THERE WAS ONLY one subject that produced agreement
during the long tussle among conservatives and
progressives, Democrats and Republicans over how
to provide some measure of prescription drug insurance
for retired people and the disabled within Medicare.
subject was the cost of drugs in the United States,
something so out of control that it threatens
to undermine if not destroy the alleged benefit
that will be available to some in about three
Senator Dianne Feinstein of California, one of
those Democrats who decided to support the bill
in the end, "There is one significant missed opportunity
in this bill, and that is it contains no provisions
aimed to control the cost of prescription drugs."
Senator John McCain of Arizona, one of the few
conservatives to stick to his principles in opposition
to the creation of a major new entitlement program,
added that the subsidies to "special interests"
like insurance and drug companies stand in stark
contrast to the absence of any means of keeping
costs from skyrocketing.
particular, he noted (as did many progressives)
a truly bizarre section of the legislation that
literally prohibits the government from bargaining
over price with the drug companies and other suppliers
to beneficiaries. He also noted that this is precisely
what enables the Veterans Administration and the
core of the Medicare bureaucracy that deals with
hospitalization to keep drug prices below what
they are in pharmacies for veterans and retired
people in hospitals. It is no accident, McCain
said, that the profits of drug companies are officially
expected to grow by $9 billion as a result of
this protection from having to negotiate with
the biggest bulk purchaser of them all.
addition, Senator John Edwards (who joined fellow
presidential candidates John Kerry and Joe Lieberman
in opposition) noted that the legislation not
only puts an insuperable roadblock in front of
the re-importation of much cheaper prescriptions
from Canada, it also tweaks the antitrust laws
enough to enable drug companies to conspire to
reduce shipments to Canada in order to reduce
the supply available to Americans.
to Lieberman, there will also be nothing to prevent
drug companies from restricting the drugs available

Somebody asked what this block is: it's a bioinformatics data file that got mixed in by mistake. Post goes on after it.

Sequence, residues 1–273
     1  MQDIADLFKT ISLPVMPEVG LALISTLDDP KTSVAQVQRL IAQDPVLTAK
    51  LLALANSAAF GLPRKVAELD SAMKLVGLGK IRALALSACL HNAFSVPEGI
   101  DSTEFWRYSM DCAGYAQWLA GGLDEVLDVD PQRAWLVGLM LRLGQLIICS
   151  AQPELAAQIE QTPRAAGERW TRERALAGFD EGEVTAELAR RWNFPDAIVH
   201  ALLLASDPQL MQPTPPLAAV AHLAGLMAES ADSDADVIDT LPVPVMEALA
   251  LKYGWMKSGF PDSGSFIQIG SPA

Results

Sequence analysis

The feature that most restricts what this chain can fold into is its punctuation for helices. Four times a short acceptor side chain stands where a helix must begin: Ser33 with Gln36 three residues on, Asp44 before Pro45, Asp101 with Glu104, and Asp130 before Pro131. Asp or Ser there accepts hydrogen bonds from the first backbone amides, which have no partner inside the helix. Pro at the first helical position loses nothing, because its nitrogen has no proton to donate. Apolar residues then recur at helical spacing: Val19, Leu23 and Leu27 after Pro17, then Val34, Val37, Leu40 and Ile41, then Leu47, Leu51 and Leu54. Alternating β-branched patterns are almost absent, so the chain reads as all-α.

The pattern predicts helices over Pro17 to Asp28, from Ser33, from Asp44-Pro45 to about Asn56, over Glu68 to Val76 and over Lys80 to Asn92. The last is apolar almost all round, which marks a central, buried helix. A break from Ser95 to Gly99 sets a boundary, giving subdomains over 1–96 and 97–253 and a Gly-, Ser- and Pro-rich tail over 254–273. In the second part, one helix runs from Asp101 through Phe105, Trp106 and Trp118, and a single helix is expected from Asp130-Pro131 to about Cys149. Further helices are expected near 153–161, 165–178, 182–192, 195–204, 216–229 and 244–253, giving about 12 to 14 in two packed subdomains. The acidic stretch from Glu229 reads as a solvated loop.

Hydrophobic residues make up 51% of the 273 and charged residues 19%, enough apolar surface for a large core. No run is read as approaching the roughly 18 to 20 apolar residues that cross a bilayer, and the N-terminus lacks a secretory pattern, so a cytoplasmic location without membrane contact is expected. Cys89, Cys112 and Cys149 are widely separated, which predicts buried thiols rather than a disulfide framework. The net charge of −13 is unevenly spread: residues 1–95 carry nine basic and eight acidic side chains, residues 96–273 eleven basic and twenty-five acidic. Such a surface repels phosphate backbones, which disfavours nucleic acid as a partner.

on their lists (or formularies) to beneficiaries,
something that will limit the options of people
now getting drug coverage through former employers
or Medicaid. And several senators also noted that
proposals to greatly speed up the availability
of generic products as a substitute for patented
medicines have been greatly watered down.
result is that drug prices, and this meager program's
costs, are certain to skyrocket in the years ahead,
undermining its protections.
a few principled conservatives, this was enough
to overcome partisan loyalties. One in particular,
retiring Senator Don Nickles of Oklahoma, pointed
to an estimate by officials of the Congressional
Budget Office that while the program's cost over
the next decade is budgeted at $400 billion, an
educated guess about the following decade is more
like $1.5 trillion. And efforts to fill the legislation's
huge coverage gap for the middle class (which
is certain to produce anger as the facts become
better known) will only add to the burden of a
program for which the already hemorrhaging government
has made no provision whatsoever.
he had unconscionably muscled the Republican-written
measure through the House early Saturday morning,
Speaker Dennis Hastert of Illinois refused to
say that 10 years from now retired people will
be paying any less for drugs than they are today.
He gruffly responded that people who don't like
the benefits don't have to participate in the
program. There's compassionate conservatism for
yet -- the instinct many progressives felt to
make this flawed start was strong.
proponent, Democratic Senator Max Baucus of Montana,
said that one-third of Medicare's beneficiaries
will have at least 95 percent of their drug costs
covered; he is correct.
it, another proponent, Democratic Senator Blanche
Lincoln said that 40 percent of the beneficiaries
in Arkansas will be eligible for reduced or premium-free
insurance that has no coverage gaps.
the other hand, speaking for the forgotten middle-class,
Democratic Senator Barbara Mikulski said 200,000
retired people in Maryland will fall into that
huge gap that will require them to shoulder thousands
of dollars in out-of-pocket costs while still
paying premiums. And Senator Edward Kennedy noted
that just the imposition of an assets test on
poor people will deprive 60,000 benficiaries in
Massachusetts (and 2 million nationally) of assistance.
Senate version of this legislation, with Kennedy's
all-important support, got 77 votes last summer.
The final version -- with its private industry
subsidies and tax breaks for the wealthy added
by a stubbornly partisan House -- has eliminated
that bipartisan glow.
resulting program is President Bush's to defend
next year. Perhaps that is why its woefully inadequate
provisions are not due to take effect until 2006.
The reality will spawn waves of anger; what remains
to be seen is if the clear prospect will as well.
Oliphant's e-mail address is firstname.lastname@example.org.
Copyright 2003 Globe Newspaper Company.
Posted: December 5, 2003